The richer you are, the greater chance you’ll marry
The Brookings Institute’s Hamilton Project is out with a new study showing a strong correlation between income and marriage. While marriage rates have dropped as a whole over the last few decades, there’s been much a steeper decline in marriage among low-income Americans. Michael Greenstone and Adam Looney suggest that one reason for that drop is that labor-market changes that have altered marriage prospects for those trying to make ends meet, countering conservative claims that social norms and values are responsible for the trend.
Marriage rates among lower-income men and women have declined, but Greenstone and Looney offer different explanations for each gender. Among men, they say, those “that experienced the most adverse economic changes also experienced the largest declines in marriage” between 1970s and the present day.
By contrast, women have made big gains in the labor market over the past few decades. But their greater participation in the workforce--combined with a low-income male population, increasing prison rates for men, high unemployment and diminished earning power--has also kept more women from marrying. As s result, there’s a similar, if less dramatic, correlation between income and marriage among women:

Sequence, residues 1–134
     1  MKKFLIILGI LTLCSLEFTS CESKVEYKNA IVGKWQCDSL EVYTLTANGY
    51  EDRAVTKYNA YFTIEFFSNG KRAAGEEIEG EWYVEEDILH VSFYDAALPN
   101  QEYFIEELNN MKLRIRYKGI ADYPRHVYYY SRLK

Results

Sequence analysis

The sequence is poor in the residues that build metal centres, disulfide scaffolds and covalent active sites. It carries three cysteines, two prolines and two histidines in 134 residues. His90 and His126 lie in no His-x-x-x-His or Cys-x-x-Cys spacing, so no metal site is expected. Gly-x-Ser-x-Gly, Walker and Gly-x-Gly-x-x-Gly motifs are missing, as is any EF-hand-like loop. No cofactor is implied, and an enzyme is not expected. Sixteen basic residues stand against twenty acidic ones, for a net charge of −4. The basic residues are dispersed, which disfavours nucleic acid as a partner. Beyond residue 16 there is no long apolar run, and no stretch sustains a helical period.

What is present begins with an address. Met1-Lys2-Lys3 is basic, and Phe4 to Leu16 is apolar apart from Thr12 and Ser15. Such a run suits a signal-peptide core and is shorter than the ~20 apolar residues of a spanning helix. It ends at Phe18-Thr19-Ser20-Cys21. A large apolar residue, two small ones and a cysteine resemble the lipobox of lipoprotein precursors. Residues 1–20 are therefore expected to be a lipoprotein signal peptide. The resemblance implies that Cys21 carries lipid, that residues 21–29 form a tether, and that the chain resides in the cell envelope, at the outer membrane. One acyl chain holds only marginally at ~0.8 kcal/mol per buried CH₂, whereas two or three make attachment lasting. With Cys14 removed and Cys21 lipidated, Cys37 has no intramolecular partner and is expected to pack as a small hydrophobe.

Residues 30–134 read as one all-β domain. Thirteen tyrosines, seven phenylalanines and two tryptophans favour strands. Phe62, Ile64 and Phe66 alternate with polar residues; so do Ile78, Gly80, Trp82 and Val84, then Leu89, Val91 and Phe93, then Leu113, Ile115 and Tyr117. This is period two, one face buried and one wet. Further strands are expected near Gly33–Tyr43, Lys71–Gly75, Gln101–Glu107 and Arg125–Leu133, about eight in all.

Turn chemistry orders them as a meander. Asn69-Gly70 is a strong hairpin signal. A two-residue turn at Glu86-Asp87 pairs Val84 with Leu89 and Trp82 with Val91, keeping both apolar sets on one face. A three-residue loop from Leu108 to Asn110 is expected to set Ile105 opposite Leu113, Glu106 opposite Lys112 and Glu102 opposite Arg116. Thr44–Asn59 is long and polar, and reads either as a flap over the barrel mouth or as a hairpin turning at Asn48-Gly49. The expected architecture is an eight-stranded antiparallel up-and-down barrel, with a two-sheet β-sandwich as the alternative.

That said, the authors worry about the downside for lower-income Americans of both sexes, particularly for those with families. Among single-parent households of both men and women, “the combination of declines in marriage and declines in economic opportunity have contributed to worse outcomes for some people, and especially for some children,” they write. In other words, poorer Americans are even worse off, in socioeconomic terms, if they stay single.